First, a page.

“If there’s anything we want to convey to the university community, it is that this is coming and we know it and we’re preparing for it,” he said. “Your experience during the construction process and once the garage opens is important to us. That’s why we’re trying to make good decisions now.”
Temporary Parking Lots
Fox said that TAPS currently has five temporary parking plans, pending approval. The plans range from small parking lots of just 100 spaces to much larger ones with over 500.
The largest proposed lot would provide 532 spaces at Fifield Field and would cost TAPS about $1.5 million dollars. The smallest lot would be on the east side of 13th street and provide 105 spaces costing $250,000, according to Fox’s presentation.
The following five proposed lots would provide 1,233 temporary parking spaces:
- 13th Street East – 105 spaces – $250,000
- Norman Field – 196 – $525,000
- Archer Road Field – 277 – $1.2 million
- Fifield Field – 532 – $1.5 million
- Flavet Field – 123 – $375,000
Fox stressed that none of these plans have been approved yet, and some may not go into effect at all. Others, like the Fifield Field lot, may be built but with fewer spaces than what is currently being proposed.
All together, the lots would cost about $3.9 million to build. Fox is hopeful a plan for the temporary lots will be solidified before the start of the fall semester.
City, UF Agreement Limits Total Parking Spaces On Campus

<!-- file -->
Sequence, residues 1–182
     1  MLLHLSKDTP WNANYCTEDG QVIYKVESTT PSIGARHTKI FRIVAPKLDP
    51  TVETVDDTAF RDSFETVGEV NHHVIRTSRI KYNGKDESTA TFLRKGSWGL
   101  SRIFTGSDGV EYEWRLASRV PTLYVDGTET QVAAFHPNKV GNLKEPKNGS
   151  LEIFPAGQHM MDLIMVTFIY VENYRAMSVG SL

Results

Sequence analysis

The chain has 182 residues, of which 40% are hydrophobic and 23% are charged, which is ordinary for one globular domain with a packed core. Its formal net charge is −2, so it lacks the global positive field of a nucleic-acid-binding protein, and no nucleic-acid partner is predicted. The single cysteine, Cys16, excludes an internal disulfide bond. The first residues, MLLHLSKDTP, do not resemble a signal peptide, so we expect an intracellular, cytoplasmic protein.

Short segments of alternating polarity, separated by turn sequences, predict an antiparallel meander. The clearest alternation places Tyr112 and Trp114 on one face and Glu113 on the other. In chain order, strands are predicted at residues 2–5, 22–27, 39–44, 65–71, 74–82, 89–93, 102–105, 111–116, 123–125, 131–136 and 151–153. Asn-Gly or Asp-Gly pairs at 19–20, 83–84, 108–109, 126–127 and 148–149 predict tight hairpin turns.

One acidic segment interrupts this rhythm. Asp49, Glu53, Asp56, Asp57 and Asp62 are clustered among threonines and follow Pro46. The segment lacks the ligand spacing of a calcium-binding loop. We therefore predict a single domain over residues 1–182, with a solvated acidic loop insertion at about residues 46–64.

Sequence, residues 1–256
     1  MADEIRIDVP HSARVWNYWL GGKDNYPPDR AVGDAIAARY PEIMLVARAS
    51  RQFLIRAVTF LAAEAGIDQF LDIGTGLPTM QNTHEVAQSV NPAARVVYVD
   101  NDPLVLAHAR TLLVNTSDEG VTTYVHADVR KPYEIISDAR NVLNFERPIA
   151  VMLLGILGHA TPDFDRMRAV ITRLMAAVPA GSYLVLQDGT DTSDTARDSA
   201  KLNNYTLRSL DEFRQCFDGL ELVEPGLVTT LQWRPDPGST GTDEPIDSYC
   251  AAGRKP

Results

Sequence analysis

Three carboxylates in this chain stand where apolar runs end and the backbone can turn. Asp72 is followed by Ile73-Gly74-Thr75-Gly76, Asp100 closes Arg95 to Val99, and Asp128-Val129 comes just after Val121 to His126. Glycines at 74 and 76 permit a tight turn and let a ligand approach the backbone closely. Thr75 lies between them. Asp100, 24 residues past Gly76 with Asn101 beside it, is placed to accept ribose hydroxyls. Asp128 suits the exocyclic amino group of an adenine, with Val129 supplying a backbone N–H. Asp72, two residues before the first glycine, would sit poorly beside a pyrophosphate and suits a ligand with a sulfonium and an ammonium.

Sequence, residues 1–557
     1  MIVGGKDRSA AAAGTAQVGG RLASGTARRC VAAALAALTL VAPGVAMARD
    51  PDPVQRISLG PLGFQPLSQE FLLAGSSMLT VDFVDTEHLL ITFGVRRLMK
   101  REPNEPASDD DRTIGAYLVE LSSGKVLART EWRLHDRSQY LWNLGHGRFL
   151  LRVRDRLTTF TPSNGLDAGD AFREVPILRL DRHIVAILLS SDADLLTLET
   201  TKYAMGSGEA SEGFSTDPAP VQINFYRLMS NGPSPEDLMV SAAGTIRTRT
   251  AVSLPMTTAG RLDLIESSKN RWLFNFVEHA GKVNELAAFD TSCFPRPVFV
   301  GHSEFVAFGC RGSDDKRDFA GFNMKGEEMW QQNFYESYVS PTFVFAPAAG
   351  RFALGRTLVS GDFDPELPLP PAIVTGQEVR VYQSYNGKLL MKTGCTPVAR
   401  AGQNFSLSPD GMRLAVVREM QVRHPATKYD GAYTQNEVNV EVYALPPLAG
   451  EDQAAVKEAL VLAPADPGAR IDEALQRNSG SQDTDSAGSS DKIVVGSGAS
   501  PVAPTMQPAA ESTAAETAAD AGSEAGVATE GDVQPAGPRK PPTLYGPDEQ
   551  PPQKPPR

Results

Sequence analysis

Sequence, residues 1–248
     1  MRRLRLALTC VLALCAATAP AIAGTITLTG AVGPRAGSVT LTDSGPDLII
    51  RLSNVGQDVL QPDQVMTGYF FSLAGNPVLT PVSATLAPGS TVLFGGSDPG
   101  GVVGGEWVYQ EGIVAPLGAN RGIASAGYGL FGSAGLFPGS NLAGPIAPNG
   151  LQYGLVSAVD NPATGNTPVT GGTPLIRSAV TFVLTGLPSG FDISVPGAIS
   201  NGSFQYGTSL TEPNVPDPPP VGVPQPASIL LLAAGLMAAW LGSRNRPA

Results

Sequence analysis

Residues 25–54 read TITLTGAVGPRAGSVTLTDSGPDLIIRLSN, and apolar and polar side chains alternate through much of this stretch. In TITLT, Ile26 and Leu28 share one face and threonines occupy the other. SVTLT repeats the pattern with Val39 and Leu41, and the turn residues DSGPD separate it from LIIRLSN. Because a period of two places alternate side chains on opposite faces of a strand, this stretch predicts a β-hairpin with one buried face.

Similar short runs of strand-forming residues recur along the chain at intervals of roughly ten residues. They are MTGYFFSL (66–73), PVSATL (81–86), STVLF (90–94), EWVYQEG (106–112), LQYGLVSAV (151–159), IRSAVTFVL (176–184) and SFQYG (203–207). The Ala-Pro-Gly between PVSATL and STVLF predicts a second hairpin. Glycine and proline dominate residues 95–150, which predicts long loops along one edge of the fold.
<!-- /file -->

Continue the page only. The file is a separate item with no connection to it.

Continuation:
While the Commuter Lot garage will make up for the spaces lost in 2020, it will do little to raise the amount of parking available on campus overall. Fox said that is because of the Campus Development Agreement UF made with the city of Gainesville.
The agreement caps the max amount of parking spots that UF can have at 25,377. Fox said that the agreement was put in place because the roads surrounding UF, like Archer Road and University Avenue, are not equipped to handle the traffic that more parking spots would create.
“If we built 5,000 more parking spaces and generated 5,000 more trips, single-occupant vehicle trips, in the morning and 5,000 more trips in the evening, those roads that are already failing would absolutely choke,” he said.
Because of the agreement, supply of parking spaces has remained stagnant for the past 20 years. According Fox’s presentation, the parking inventory in 1998 was the same as it is for 2018 at a range of 23,000 to 24,000 spaces.
Meanwhile, demand for parking continues to reach all-time peaks, Fox said.
For the 2016-17 school year, 36,440 automobile decals were issued. That’s about 13,000 more decals issued than there are actual parking spots on campus.
The current Campus Development Agreement is in effect until 2025 but will be revisited in 2020. Fox said that it is possible that the increasing demand will cause the cap to rise, but it is still far too early to make any predictions.
“Obviously,” he said, “when the parking supply remains basically flat and the demand continues to go up and we’re issuing more and more parking decals, it’s getting harder and harder to have a satisfying parking experience.”